What is ordering and seriation in child development and how do you teach preschoolers to size objects in order?
These seriation activities for preschoolers are simple and hands-on. They are suitable for teaching your kids at home or at school.
What is Seriation in Early Childhood?
Seriation is one of the mental skills children learn in early childhood. It is developed alongside other cognitive abilities such as matching, sorting and learning about cause-and-effect relationships.
Seriation is a form of ordering – or arranging things – according to a graduated order, more commonly referring to arranging in terms of size.
Unlike temporal ordering (sequencing) which arranges things in the order in which they happen in time, seriation orders them according to graduations in size.
It is also possible to seriate items according to:
- colour (such as from lightest to darkest blue)
- taste (sweet to sour)
- sound (soft to loud)
- touch (smoothest to roughest)
These ordering activities basically answer the question “What comes next?”
In his work on child development, Piaget gave the term seriation. [source]
Examples of Seriation
Some examples of seriation that you will see in everyday life:
- Measuring cups that fit inside each other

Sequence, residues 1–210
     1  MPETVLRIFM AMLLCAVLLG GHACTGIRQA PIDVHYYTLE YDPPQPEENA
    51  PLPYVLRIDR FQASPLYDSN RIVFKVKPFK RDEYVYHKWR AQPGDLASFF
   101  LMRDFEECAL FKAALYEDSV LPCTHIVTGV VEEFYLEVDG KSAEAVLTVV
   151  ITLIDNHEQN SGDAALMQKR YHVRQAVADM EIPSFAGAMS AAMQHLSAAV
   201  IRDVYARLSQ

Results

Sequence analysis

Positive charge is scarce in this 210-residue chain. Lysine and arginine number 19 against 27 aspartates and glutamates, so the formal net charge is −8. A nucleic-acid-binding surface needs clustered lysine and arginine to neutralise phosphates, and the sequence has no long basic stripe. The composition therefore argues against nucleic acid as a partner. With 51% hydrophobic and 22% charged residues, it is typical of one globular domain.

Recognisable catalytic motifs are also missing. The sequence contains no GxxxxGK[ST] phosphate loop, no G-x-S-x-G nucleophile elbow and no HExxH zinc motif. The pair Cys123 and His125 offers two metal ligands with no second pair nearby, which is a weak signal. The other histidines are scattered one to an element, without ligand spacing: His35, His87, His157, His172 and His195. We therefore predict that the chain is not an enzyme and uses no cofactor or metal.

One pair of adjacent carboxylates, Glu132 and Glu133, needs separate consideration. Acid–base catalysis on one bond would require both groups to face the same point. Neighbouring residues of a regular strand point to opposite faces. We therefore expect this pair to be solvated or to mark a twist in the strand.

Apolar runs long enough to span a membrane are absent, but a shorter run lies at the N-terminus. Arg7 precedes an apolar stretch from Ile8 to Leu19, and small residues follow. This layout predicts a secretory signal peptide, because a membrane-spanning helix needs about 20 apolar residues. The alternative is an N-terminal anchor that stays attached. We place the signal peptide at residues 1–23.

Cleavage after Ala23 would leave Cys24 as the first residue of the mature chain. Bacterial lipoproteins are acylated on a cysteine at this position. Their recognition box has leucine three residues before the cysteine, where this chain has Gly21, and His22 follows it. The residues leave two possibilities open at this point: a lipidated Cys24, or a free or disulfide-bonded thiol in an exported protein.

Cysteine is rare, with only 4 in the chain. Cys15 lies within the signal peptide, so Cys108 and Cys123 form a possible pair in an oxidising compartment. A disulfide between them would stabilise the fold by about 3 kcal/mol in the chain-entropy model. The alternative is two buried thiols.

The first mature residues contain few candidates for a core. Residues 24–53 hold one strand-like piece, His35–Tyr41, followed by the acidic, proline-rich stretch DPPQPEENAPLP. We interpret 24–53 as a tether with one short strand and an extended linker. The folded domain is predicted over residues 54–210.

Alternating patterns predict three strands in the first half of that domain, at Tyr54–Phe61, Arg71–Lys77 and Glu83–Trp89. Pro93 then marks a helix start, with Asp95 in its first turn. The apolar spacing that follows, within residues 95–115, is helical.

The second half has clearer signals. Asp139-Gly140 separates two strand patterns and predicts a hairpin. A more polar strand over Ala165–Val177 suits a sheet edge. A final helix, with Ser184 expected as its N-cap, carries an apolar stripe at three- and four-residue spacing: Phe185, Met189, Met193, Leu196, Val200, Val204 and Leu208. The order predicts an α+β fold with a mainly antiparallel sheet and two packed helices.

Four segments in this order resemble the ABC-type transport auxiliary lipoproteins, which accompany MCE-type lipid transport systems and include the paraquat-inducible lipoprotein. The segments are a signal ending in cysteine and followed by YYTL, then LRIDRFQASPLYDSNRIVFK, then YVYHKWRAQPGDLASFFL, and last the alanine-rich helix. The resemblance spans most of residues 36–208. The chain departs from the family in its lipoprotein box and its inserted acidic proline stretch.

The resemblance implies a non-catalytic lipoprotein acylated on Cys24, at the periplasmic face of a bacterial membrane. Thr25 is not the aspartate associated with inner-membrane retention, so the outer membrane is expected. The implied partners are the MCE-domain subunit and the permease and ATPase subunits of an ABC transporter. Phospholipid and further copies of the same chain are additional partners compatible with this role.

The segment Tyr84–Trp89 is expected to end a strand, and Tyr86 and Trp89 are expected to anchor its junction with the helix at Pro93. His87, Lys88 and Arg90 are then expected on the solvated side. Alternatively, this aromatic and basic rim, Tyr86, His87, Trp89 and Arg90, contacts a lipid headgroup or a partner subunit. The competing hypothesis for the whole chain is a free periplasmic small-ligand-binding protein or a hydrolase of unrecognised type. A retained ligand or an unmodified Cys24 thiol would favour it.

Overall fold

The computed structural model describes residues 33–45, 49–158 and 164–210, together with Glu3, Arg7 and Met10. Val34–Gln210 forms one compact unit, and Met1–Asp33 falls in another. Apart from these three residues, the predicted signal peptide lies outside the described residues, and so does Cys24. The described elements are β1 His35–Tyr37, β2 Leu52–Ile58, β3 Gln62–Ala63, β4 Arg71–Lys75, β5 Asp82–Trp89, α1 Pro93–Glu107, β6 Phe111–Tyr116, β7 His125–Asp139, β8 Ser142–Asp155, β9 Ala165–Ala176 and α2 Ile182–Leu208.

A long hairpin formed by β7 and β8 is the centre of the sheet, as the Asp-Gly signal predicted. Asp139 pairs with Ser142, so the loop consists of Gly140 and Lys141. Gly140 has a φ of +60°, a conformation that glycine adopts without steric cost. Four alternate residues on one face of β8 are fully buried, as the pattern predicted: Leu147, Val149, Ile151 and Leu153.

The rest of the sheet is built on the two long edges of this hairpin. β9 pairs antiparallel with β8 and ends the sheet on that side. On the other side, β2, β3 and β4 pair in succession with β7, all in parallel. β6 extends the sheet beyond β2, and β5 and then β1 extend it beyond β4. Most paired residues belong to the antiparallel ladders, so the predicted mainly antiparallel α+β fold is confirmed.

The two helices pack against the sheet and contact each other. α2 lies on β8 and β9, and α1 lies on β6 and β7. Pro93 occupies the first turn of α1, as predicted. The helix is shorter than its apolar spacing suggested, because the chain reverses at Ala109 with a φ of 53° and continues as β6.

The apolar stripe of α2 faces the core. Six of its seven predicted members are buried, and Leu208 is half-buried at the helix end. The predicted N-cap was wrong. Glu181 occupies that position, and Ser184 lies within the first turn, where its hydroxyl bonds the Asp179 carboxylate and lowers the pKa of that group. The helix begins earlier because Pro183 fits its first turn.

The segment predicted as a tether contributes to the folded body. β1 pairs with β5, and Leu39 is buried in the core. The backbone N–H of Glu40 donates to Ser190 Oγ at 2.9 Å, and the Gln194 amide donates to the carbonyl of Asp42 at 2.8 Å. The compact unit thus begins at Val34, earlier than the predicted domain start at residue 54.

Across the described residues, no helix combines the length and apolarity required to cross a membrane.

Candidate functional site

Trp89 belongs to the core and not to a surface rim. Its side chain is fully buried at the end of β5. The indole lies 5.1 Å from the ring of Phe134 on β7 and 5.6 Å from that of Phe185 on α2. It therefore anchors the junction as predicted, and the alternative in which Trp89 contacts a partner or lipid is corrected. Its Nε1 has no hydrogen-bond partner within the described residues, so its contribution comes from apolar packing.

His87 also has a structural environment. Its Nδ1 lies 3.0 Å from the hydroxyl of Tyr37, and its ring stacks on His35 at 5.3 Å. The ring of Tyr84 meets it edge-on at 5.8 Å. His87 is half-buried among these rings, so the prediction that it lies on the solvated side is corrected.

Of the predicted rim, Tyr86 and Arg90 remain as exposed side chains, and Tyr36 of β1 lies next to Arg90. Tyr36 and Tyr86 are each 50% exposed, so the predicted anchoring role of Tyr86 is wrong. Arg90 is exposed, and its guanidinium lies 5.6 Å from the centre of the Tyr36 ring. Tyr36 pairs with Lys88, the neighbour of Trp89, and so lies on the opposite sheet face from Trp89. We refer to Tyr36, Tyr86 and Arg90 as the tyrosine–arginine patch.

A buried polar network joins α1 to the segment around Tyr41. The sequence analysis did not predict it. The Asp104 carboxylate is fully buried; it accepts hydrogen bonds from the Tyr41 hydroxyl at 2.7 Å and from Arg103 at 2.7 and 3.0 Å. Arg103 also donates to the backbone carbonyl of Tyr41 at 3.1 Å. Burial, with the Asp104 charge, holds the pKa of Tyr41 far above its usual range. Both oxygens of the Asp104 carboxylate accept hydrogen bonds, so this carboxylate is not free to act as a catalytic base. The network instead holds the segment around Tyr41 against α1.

- Nested cups or blocks for kids to play with
- Children standing in a line in height order
- A colour palette card in a paint shop with gradations of a shade of colour
What are Seriation Activities?
Seriation, or ordering activities, involve challenging children to place certain items in order, according to criteria, such as longest to shortest, thickest to thinnest, smallest to biggest, etc.
These activities can take the form of:
- Concrete activities (placing sticks from longest to shortest).
- Picture activities (place the pictures of the apples in order from smallest to biggest).
- Abstract activities (number the items on the worksheet from longest to shortest, or place these numbers in order from biggest to smallest).
How do you Teach Seriation?
At a preschool level, kids should be taught this concept mainly through hands-on activities, with physical objects.
A worksheet is meaningless to a child who needs time to grasp a concept. Start with playing and ordering objects, then move on to pictures of objects. Worksheets can be introduced later on.
It’s also not necessary to make every learning opportunity a “lesson.” Simply by adding measuring cups and spoons during water play, for example, kids will be learning the concept of seriation while playing, which is how most concepts are learned.
Remember to teach children new vocabulary by verbalizing what they are doing while playing. Use words like:
To make the activities easier for younger children:
- Offer fewer items to arrange.
- Start the sequence and ask children “what comes next” or “what comes first” (before the others).
To make the activities more challenging:
- Offer more items to order.
- Offer all the items mixed together and ask the child to unjumble them in order.
- Make a sequence, and leave a few spaces randomly, for the child to fill in.